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To Shelf Test or not?

When tasking consumers to evaluate marketing stimulus in an online research environment (whether that be a packaging design, a product, or advertising creative), there’s two crucial things you need to be aware of:

  1. “Content” and “Context” play an equally important role in driving real-world marketing effects.
  2. To get the most robust and reliable research outcomes it’s essential that the “Content” is separated from the “Context”.

Let’s explore each of these in further detail…

1. “Content” and “Context” play an equally important role in driving real-world marketing effects.

This means that what you “put out there” as marketers is just as important as the context it appears in. Therefore, for packaging research it’s not only important to understand how consumers respond to your design in isolation, but also how it will perform when it appears alongside competitors (i.e. reflecting the way shoppers will experience the product in-store).

It’s important to note this phenomenon isn’t unique to the retail environment; the exact same principles apply to advertising. For example, if your advertising is placed in a premium online environment (e.g. on a reputable news service website) then the expected brand impact would be far greater than if the exact same ads were run in a low-quality environment (e.g. on an “adult entertainment” website).

2. To get the most robust and reliable research outcomes it’s essential that the “Content” is separated from the “Context”.

It doesn’t need saying that the most critical component of packaging research is to understand the on-shelf battleground. However, while this might sound counterintuitive given our first point, the most reliable way to predict how a packaging design will perform in a real-world shopping environment is to test individual designs one brand at a time in a monadic way.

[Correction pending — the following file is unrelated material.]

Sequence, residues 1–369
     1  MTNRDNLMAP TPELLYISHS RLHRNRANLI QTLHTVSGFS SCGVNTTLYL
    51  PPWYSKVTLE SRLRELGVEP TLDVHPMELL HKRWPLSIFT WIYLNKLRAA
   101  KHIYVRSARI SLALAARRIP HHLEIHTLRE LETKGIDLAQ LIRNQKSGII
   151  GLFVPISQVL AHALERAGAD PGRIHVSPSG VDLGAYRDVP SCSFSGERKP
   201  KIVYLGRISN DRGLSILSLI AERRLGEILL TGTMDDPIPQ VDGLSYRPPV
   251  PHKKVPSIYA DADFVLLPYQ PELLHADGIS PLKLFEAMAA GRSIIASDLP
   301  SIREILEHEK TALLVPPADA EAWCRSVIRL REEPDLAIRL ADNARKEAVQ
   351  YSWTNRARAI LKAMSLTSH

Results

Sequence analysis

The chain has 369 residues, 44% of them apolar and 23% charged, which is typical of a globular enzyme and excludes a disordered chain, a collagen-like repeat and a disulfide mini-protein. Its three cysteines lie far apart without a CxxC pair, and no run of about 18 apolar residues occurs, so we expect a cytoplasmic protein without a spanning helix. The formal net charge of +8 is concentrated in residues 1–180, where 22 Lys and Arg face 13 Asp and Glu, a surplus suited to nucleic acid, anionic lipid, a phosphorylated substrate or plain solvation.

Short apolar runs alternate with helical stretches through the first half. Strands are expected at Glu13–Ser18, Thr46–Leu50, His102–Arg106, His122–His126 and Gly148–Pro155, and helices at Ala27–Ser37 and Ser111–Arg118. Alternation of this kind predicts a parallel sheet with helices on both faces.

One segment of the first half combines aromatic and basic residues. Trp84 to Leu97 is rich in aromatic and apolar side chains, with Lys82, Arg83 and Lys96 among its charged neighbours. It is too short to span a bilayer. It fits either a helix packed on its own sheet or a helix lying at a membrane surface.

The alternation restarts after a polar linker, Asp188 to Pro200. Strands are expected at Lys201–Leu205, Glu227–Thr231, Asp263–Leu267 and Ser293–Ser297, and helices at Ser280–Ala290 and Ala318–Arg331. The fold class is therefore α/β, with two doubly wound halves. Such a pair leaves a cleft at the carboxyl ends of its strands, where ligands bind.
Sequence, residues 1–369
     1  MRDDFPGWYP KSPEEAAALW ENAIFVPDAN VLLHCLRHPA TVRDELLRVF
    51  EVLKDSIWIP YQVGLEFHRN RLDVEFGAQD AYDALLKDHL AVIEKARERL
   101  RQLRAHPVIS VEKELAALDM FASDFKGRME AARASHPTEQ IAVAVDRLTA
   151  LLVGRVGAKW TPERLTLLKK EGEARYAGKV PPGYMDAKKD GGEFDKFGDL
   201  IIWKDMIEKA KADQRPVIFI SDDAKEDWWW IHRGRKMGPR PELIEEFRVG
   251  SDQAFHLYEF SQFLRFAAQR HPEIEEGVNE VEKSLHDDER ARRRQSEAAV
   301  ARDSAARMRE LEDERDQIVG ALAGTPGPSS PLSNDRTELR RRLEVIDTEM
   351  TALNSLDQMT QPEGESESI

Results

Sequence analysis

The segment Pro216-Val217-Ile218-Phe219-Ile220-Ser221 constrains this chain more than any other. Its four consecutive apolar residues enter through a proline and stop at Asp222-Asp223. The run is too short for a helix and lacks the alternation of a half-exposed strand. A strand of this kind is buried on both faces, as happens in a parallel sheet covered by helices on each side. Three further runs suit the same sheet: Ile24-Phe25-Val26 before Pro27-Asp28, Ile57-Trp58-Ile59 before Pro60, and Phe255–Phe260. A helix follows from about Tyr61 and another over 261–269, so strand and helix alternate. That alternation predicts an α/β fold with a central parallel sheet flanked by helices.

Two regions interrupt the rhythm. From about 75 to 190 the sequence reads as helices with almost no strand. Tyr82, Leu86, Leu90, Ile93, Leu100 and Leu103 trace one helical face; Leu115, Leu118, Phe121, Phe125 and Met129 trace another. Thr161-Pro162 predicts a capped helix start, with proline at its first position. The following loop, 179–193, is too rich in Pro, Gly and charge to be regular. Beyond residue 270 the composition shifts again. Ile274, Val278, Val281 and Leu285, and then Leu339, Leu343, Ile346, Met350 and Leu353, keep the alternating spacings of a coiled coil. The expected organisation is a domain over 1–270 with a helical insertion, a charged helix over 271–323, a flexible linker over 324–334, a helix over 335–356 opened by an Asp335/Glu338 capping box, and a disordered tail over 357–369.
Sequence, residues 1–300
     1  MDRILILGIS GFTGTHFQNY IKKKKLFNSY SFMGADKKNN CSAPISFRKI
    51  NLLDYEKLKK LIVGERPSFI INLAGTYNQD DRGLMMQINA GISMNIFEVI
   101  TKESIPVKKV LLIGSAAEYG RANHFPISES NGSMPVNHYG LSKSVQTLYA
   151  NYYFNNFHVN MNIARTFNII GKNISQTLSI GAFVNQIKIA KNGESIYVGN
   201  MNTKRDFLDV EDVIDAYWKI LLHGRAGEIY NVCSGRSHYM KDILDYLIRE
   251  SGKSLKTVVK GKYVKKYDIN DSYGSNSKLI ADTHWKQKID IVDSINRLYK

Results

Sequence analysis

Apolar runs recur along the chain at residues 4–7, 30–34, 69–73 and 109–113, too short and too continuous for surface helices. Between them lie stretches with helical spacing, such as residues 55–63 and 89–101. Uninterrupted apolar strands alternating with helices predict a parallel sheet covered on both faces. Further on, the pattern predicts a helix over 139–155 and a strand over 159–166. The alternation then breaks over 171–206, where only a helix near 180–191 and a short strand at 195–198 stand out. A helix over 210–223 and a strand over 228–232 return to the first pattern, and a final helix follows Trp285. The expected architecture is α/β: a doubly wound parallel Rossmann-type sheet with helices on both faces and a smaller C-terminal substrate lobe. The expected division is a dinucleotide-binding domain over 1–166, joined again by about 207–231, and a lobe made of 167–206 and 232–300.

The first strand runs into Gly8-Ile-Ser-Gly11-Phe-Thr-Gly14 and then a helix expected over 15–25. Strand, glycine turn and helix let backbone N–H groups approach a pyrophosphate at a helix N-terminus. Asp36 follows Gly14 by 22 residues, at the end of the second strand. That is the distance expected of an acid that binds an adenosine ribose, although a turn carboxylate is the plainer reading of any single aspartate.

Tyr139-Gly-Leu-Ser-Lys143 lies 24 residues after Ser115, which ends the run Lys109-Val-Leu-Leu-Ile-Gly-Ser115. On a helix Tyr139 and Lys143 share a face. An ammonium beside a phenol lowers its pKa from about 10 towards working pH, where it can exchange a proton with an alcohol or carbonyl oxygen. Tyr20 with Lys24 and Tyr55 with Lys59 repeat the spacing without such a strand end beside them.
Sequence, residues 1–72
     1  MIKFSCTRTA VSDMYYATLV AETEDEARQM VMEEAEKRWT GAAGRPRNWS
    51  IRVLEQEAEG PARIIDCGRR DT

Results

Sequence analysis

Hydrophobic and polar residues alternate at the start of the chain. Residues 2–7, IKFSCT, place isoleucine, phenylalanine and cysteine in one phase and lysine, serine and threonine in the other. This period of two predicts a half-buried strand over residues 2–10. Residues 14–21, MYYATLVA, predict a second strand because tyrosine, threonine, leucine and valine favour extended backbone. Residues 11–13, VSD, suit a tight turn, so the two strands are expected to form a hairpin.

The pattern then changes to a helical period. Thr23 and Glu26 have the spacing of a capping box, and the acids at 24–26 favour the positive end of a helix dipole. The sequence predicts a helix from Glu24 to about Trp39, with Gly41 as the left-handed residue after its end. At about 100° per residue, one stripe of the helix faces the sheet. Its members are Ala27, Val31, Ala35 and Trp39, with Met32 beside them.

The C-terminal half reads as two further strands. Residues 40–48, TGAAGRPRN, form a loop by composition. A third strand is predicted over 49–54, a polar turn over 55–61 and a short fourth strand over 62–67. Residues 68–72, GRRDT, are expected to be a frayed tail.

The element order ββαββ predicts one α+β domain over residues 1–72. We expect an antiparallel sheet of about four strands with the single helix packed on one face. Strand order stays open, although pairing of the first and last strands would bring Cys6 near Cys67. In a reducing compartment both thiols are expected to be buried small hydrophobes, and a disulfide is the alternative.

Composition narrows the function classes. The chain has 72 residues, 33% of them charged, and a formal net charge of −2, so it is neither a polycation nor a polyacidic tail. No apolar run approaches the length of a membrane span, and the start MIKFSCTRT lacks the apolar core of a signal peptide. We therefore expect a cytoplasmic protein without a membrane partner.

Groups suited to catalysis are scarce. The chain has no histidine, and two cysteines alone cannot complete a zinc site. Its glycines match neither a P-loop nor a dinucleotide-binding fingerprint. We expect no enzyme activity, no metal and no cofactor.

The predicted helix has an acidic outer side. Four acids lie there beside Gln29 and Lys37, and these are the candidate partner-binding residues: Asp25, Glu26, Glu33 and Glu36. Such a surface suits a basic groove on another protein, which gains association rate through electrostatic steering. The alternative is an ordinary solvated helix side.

Clunky, artificial “shelf mockups” (a.k.a. “planograms”) — which only loosely relate to the realities of a real-world shopping environment — are a poor way to simulate the in-store experience (thus limiting how accurately these insights can predict behavior).

What is pre-testing in advertising - example of advertising storyboard
Transforming a dull and unengaging soundtrack into an upbeat and uplifting one.
A story which was confusing and eliciting a muted emotional response into one which was coherent and emotionally arresting.
Transforming strange and disturbing characters into quirky and eccentric ones.
Taking a brand from having an incidental role in the story to being an active driving force behind it.
Changing a flat and monotonous voiceover into a livelier and more dramatic one – lifting emotional engagement.
Enhancing visual cues and sound effects to ensure the humor/punchline was landing as intended.

Shelf mockups: All style, no substance?

Testing shelf mockups is an embedded part of many consumer insight professionals’ toolkits: “It’s the way we’ve always done things!”. However, not enough scrutiny has been placed on their validity. The motivations behind testing them are of course very good, with it long been believed that by simulating how shoppers will experience the product in-store, it will more reliably predict behavior.

While attempting to replicate as many of the variables at play in a retail environment might make us feel better about ourselves and how diligently we’re doing our jobs, shelf mockups represent a convoluted picture of reality. When we take a step back and look at things objectively it becomes clear that — in an online research environment — it’s impossible to replicate all the various contextual factors at play when shoppers encounter a product at shelf, and the more of them we try to account for the more detached from reality it becomes.

What is pre-testing in advertising - example of advertising storyboard

What does this mean for packaging design research?

Firstly, we acknowledge that no approach to packaging research is perfect. However, through our decade of testing experience we’ve repeatedly found that the most robust way to evaluate design effectiveness is to test your brand and at least a handful of your key competitors in a monadic way. In other words, exposing respondents to one design at a time and evaluating them in isolation. By utilizing metrics grounded in the empirical evidence and wealth of established learnings at our disposal, we’re able to confidently predict the expected shopper response when the packaging eventually makes its way into a competitive shelf environment.